I turned fifty a few weeks ago, and next week approach the ninth and eigth anniversaries of my father and mother's deaths. So my mind is fixed on the past.
A piece of music took me back to the 1970s: "I'll Be Your Sweetheart, If You Will Be Mine"; not, obviously, because it wasn't a piece of 1970s music.
I grew up in a house where everybody sang: I grew up in an extended family where everybody sang. That meant that we knew "old songs", for the older members of the family liked to hear the songs of their childhood, and as we, as a family, are blessed (mainly) with longevity, long generations and respect, it meant that we sang for Grandmothers (I never knew my Grandfathers) and Great Aunts the songs of their childhood, and some of those were the songs that their parents had sung: Victorian parlour ballads, like "Nelly Dean" or "Come Into The Garden, Maud"; or Stephen Foster songs like "Lily of Laguna". We knew the lot! And when it came to Music Hall - well, my (maternal) Grandmother had trod the boards and we could sing songs none of you would ever have heard of!
My (paternal) Grandmother ran an Over 60s Club (in fact she ran two, but we'll leave the one she shared with Bernard Manning's mother for the purposes of this post) in the parish. A couple of times a year, my father, two uncles and me would dress up in bow ties and cadies (straw boaters to the ignorant) and impersonate a barber shop quartet, my mother accompanying us on the piano.
The songs they (and "they" would number up to 100) loved were the songs of their childhood: for people aged around 70 in 1970, this meant the songs of the First World War. The First World War had affected all of them: this was Lancashire Fusiliers territory, the area of Pals' Batallions; they had pretty well all lost brothers and cousins. Many of the old ladies were spinsters: there hadn't been enough young men to go round in the 1920s and 1930s. (When there was a dance, they used to dance with each other: they'd all learned to dance both parts.)
They loved "Roses Are Blooming In Picardy": Uncle Jim had a fine tenor voice; and would all join in "Keep The Home Fires Burning"; but we always had to finish with "Tipperary", because it had become a lodestar that "Tipperary" was what the boys sang as they marched to the Front. This was keeping faith:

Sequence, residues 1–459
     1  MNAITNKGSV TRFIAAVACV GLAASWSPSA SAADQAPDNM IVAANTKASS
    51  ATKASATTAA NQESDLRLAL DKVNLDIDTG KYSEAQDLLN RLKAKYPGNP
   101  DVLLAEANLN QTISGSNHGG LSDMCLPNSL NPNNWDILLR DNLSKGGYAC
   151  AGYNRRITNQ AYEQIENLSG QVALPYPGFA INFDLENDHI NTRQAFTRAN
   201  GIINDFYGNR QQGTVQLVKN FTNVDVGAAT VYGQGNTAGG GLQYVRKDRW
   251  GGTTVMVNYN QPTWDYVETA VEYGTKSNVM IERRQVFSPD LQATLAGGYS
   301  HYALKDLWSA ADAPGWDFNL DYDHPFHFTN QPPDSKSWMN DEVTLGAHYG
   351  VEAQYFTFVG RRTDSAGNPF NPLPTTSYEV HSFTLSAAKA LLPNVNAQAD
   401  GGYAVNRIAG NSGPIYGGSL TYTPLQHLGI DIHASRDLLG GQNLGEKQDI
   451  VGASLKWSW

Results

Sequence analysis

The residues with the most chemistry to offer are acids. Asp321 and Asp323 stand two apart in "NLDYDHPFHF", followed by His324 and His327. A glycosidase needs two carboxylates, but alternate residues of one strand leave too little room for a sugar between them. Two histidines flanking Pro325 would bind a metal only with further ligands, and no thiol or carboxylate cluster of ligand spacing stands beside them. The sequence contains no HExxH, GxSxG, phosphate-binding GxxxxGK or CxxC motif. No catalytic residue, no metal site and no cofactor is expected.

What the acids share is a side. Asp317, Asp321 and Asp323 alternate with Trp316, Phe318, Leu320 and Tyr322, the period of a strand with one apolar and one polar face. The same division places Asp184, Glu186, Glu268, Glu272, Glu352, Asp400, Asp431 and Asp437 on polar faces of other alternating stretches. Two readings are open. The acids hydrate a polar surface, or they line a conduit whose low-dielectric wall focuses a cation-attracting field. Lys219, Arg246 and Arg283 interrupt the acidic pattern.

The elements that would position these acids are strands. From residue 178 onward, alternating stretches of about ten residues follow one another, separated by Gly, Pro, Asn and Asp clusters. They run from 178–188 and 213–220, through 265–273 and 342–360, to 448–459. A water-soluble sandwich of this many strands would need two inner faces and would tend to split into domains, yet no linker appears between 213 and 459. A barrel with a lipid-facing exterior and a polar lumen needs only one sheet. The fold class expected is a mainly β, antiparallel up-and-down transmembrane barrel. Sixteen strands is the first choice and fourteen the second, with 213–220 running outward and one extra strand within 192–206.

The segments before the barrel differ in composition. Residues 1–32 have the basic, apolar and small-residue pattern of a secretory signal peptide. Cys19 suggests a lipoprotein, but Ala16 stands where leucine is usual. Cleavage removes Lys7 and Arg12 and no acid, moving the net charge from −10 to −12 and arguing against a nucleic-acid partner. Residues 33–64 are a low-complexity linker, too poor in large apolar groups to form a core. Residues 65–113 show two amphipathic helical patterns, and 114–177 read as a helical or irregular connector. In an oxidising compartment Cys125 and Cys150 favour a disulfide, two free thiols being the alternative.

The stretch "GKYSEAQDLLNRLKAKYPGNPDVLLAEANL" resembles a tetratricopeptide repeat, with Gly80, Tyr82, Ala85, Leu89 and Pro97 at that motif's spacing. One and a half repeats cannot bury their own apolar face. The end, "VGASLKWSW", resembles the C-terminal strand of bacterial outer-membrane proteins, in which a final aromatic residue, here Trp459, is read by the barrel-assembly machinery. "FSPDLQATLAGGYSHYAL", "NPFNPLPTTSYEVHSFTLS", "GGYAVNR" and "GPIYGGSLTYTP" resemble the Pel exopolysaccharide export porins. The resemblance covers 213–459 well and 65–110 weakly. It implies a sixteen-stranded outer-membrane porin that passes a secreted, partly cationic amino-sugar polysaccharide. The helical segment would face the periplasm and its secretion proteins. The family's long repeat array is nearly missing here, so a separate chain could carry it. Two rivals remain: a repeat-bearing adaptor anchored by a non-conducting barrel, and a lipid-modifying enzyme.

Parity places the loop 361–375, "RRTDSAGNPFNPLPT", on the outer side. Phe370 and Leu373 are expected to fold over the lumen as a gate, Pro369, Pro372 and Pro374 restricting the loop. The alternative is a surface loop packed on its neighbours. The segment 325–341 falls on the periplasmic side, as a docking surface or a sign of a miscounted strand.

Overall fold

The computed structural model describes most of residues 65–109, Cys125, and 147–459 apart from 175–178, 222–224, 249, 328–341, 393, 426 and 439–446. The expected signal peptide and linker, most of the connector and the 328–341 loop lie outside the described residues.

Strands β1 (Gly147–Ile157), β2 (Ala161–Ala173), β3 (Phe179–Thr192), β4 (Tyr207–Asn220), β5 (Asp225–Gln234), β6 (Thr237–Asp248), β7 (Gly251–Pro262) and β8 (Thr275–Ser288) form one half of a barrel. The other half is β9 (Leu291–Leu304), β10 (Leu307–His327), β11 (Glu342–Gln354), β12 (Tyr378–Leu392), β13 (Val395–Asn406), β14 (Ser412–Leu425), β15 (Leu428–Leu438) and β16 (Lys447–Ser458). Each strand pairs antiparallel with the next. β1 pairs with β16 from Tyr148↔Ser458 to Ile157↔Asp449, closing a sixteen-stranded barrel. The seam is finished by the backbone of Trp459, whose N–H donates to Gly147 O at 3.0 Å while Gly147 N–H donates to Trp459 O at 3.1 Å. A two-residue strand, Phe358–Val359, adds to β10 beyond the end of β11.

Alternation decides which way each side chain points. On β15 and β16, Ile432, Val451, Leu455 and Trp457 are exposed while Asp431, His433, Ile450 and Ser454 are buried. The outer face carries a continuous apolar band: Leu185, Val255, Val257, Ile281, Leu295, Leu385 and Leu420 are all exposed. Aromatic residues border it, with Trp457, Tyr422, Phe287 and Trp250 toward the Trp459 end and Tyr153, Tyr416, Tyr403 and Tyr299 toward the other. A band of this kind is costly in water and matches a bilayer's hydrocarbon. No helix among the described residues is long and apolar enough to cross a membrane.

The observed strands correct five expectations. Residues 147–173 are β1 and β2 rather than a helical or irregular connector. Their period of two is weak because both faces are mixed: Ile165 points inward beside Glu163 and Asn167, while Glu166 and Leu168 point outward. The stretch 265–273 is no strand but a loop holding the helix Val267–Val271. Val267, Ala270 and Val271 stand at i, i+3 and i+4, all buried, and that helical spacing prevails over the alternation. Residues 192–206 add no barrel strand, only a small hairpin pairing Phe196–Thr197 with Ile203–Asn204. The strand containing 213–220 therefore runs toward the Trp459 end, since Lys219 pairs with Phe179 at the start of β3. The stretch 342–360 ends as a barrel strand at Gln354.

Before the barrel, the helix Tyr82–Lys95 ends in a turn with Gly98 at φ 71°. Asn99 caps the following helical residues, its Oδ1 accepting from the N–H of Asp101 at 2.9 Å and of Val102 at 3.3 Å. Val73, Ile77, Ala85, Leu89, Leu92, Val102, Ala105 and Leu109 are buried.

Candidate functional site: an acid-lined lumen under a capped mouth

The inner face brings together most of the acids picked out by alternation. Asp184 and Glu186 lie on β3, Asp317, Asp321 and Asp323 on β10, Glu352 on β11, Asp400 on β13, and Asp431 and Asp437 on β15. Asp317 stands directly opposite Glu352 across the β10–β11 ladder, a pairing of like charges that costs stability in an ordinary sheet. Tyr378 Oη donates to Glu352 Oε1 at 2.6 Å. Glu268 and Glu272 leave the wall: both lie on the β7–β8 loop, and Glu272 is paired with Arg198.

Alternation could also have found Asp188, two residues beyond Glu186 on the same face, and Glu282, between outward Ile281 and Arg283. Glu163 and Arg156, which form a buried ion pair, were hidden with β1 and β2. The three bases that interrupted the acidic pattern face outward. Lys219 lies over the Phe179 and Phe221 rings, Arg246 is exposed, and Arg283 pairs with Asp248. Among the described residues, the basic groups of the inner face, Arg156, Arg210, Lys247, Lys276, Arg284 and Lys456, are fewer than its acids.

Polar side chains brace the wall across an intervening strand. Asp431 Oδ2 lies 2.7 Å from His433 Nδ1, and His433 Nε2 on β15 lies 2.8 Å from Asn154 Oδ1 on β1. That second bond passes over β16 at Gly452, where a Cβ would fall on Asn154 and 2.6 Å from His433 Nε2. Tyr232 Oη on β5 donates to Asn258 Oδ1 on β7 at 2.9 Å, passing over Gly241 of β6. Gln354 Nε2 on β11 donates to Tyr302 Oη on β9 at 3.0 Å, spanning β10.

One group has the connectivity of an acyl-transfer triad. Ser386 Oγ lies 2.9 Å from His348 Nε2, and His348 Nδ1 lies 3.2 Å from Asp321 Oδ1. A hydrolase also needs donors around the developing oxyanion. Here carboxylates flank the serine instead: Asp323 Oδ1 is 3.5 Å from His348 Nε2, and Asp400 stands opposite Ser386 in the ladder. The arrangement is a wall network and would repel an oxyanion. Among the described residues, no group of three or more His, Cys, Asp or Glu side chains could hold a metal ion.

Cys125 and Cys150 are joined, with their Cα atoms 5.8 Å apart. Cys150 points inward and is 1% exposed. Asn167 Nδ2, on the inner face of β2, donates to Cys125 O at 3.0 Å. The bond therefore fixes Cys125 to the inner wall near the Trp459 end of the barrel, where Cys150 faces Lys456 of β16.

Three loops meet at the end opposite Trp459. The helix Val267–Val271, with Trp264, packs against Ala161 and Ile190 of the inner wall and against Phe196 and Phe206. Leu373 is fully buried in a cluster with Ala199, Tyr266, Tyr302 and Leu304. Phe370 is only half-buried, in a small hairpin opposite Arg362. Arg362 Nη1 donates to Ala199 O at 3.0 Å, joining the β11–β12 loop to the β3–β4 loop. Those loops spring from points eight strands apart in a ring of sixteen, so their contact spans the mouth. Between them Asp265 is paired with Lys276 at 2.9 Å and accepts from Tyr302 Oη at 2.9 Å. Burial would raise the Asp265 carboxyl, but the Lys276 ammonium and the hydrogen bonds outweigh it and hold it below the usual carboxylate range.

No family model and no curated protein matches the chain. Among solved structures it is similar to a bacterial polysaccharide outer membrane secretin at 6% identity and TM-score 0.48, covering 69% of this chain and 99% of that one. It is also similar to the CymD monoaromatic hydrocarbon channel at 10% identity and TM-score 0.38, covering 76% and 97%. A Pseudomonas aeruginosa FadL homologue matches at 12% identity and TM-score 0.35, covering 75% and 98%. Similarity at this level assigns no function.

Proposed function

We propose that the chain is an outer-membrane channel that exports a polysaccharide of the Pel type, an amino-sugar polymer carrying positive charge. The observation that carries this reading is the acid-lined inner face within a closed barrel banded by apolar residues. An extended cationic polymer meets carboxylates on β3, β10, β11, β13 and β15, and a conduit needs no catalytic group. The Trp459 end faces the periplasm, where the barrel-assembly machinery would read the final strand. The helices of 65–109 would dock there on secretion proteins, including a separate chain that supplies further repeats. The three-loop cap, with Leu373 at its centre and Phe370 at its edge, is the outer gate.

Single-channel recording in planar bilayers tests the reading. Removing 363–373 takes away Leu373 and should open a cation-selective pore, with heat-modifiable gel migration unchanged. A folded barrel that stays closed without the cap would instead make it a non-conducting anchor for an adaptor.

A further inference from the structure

"If ye break faith with us who die
We shall not sleep, though poppies grow
In Flanders fields."
This is what Tradition is all about: the world changes and we change with it, but the change is informed and softened by the past, and we venerate the past and those who lived in it and through it; not the change.
My Grandmother, dying, relived August 4th 1914: she was on the prom at Blackpool and saw the soldiers marching and the young men forming up behind the band to go and join up: "Come on Willie" she said, in her delirium, to her cousin "are you going to join them too? Look at the lovely red uniforms!" (Willie had far more sense, by the way, and lived until his 90s.)
My other Grandmother told me that as a girl, her Grandmother had told her that, as a girl, she remembered the trains coming to the station in Liverpool with the magazines containing the latest instalments of Charles Dickens' novels, and how people would pay a penny to sit in the room of somebody who could read to hear them read aloud.
In my lifetime I have seen the idea of Tradition as a Good Thing disappear completely; the idea of passing things orally from one generation to the next has gone. We are losing our History, and that means we are losing our identity: I shudder to think what life will be like for our children, locked into a Present like this.
In what we have failed to do
17 minutes ago